Spatial–temporal variability and hydrologic connectivity of runoff generation areas in a North Alabama pasture—implications for phosphorus transport
Article first published online: 16 NOV 2009
Copyright © 2009 John Wiley & Sons, Ltd.
Volume 24, Issue 3, pages 342–356, 30 January 2010
How to Cite
Sen, S., Srivastava, P., Dane, J. H., Yoo, K. H. and Shaw, J. N. (2010), Spatial–temporal variability and hydrologic connectivity of runoff generation areas in a North Alabama pasture—implications for phosphorus transport. Hydrol. Process., 24: 342–356. doi: 10.1002/hyp.7502
- Issue published online: 18 JAN 2010
- Article first published online: 16 NOV 2009
- Manuscript Accepted: 15 SEP 2009
- Manuscript Received: 15 JUL 2008
- Alabama Water Resources Research Institute
- surface runoff;
- spatial and temporal variability;
- hydrologic connectivity;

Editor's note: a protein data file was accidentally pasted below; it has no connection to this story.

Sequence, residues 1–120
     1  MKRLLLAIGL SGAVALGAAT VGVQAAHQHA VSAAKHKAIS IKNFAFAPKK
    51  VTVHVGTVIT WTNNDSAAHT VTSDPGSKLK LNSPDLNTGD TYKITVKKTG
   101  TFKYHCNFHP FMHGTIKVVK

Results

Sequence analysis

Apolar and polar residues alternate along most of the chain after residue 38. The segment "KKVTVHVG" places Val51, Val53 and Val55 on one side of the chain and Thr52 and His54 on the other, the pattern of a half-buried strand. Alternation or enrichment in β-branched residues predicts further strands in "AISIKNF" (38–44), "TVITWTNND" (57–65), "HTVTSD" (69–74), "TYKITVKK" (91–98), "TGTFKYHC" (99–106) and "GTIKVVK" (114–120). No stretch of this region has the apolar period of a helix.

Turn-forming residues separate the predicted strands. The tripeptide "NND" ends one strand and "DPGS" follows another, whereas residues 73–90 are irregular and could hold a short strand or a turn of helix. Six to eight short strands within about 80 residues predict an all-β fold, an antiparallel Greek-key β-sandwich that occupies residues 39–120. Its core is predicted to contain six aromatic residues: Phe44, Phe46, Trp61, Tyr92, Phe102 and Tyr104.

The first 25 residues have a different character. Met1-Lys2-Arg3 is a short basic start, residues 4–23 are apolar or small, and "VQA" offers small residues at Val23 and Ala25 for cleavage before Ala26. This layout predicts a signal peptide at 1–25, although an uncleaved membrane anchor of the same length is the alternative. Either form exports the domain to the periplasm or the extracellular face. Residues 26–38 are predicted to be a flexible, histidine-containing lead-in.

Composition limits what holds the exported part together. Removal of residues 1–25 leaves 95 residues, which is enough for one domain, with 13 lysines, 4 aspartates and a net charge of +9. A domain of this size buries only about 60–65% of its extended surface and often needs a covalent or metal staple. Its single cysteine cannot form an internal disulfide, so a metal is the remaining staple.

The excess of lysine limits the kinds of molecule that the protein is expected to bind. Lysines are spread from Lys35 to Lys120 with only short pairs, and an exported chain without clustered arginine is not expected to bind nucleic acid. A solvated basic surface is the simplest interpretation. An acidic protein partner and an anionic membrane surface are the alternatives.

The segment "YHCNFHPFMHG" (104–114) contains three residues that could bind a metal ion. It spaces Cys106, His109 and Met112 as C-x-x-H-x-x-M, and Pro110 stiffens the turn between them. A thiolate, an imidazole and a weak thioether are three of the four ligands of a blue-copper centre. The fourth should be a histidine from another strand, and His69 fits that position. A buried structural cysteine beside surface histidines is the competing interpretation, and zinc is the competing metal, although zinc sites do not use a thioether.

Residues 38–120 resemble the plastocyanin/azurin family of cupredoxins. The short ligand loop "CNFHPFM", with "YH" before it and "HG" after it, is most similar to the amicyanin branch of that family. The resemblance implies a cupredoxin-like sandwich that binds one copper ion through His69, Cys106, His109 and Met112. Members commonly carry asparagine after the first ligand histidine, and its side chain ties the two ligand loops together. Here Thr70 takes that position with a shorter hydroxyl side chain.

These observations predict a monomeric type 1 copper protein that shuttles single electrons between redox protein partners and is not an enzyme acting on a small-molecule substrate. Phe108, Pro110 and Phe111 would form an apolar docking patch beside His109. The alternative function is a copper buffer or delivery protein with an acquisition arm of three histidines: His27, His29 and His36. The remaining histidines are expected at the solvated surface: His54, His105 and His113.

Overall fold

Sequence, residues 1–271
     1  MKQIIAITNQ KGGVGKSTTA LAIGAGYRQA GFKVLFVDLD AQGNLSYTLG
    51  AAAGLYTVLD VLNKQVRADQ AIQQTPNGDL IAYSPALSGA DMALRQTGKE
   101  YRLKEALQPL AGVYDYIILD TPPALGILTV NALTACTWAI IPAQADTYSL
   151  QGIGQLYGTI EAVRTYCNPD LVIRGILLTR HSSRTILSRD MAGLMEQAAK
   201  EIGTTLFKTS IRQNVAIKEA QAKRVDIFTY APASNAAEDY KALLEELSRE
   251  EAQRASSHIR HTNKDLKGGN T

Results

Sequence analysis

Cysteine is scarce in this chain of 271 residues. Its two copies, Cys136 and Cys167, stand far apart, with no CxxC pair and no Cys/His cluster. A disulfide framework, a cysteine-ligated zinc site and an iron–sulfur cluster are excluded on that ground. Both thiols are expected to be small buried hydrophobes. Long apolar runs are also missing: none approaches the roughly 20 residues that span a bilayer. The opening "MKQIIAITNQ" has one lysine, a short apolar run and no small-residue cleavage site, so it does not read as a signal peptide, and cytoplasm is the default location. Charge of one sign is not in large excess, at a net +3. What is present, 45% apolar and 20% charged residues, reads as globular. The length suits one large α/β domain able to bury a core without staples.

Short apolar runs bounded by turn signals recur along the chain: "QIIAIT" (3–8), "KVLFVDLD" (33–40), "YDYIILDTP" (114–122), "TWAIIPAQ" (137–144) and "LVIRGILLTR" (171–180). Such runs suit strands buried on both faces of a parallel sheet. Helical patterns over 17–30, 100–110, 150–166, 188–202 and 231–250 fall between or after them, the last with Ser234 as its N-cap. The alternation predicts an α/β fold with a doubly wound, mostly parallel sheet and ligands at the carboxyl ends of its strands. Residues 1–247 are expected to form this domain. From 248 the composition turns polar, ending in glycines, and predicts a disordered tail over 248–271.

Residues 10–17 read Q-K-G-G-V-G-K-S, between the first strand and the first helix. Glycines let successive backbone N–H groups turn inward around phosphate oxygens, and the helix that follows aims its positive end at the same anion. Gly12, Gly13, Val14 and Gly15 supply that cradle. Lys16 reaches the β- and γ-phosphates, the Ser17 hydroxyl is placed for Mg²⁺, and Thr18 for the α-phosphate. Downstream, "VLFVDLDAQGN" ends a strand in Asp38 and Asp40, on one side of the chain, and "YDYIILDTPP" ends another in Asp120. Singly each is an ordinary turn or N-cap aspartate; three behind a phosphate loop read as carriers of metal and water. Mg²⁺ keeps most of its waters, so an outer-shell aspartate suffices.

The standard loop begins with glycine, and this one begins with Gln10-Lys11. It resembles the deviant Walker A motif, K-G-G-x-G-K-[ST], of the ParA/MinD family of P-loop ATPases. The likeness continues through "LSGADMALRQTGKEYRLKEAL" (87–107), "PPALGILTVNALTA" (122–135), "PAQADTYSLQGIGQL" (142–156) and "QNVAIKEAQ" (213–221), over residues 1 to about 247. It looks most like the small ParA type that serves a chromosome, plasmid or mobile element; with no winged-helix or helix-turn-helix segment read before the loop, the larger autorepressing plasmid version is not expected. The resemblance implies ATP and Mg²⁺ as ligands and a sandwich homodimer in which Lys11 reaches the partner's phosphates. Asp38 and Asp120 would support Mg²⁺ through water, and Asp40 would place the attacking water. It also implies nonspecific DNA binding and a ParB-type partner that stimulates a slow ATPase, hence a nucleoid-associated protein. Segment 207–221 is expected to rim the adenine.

This study delineated spatially and temporally variable runoff generation areas in the Sand Mountain region pasture of North Alabama under natural rainfall conditions, and demonstrated that hydrologic connectivity is important for generating hillslope response when infiltration-excess (IE) runoff mechanism dominates. Data from six rainfall events (13·7–32·3 mm) on an intensively instrumented pasture hillslope (0·12 ha) were analysed. Analysis of data from surface runoff sensors, tipping bucket rain gauge and HS-flume demonstrated spatial and temporal variability in runoff generation areas. Results showed that the maximum runoff generation area, which contributed to runoff at the outlet of the hillslope, varied between 67 and 100%. Furthermore, because IE was the main runoff generation mechanism on the hillslope, the data showed that as the rainfall intensity changed during a rainfall event, the runoff generation areas expanded or contracted. During rainfall events with high-intensity short- to medium-duration, 4–8% of total rainfall was converted to runoff at the outlet. Rainfall events with medium- to low-intensity, medium-duration were found less likely to generate runoff at the outlet. In situ soil hydraulic conductivity (k) was measured across the hillslope, which confirmed its effect on hydrologic connectivity of runoff generation areas. Combined surface runoff sensor and k-interpolated data clearly showed that during a rainfall event, lower k areas generate runoff first, and then, depending on rainfall intensity, runoff at the outlet is generated by hydrologically connected areas. It was concluded that in IE-runoff-dominated areas, rainfall intensity and k can explain hydrologic response. The study demonstrated that only connected areas of low k values generate surface runoff during high-intensity rainfall events. Identification of these areas would serve as an important foundation for controlling nonpoint source pollutant transport, especially phosphorus. The best management practices can be developed and implemented to reduce transport of phosphorus from these hydrologically connected areas. Copyright © 2009 John Wiley & Sons, Ltd.